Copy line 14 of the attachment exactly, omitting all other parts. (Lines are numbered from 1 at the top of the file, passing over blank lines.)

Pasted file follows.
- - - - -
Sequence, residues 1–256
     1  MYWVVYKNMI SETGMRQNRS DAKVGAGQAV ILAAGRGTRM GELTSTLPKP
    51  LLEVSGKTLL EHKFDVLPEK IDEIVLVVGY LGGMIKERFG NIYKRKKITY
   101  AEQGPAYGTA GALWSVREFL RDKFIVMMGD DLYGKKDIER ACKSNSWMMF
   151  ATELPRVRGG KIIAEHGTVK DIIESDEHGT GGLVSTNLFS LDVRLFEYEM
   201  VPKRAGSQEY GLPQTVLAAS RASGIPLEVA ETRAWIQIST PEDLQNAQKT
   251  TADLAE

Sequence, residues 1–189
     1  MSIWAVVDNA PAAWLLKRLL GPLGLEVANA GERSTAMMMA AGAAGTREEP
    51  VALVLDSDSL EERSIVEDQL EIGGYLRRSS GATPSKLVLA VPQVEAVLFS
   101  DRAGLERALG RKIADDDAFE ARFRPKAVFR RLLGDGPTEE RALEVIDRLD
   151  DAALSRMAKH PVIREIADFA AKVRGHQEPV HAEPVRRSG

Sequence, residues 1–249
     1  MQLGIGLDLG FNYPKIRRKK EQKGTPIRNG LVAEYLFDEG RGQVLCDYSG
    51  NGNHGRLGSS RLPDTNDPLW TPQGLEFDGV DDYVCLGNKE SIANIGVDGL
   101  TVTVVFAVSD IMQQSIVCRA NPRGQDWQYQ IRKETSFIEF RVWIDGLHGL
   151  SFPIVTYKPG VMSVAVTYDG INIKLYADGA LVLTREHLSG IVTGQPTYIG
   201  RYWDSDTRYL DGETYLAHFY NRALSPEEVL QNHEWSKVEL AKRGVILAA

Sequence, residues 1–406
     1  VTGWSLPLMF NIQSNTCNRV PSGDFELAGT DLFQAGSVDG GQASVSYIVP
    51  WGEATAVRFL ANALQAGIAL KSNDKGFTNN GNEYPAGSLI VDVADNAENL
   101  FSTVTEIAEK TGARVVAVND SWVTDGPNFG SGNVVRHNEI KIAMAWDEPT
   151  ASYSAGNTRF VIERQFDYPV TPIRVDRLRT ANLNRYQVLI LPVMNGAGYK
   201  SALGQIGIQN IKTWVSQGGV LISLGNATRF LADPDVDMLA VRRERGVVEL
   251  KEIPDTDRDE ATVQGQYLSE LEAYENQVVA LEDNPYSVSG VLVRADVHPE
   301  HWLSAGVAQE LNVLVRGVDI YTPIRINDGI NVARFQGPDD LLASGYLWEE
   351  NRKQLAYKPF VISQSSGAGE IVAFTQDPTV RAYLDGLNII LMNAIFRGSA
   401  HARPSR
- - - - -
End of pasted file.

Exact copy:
     1  MQLGIGLDLG FNYPKIRRKK EQKGTPIRNG LVAEYLFDEG RGQVLCDYSG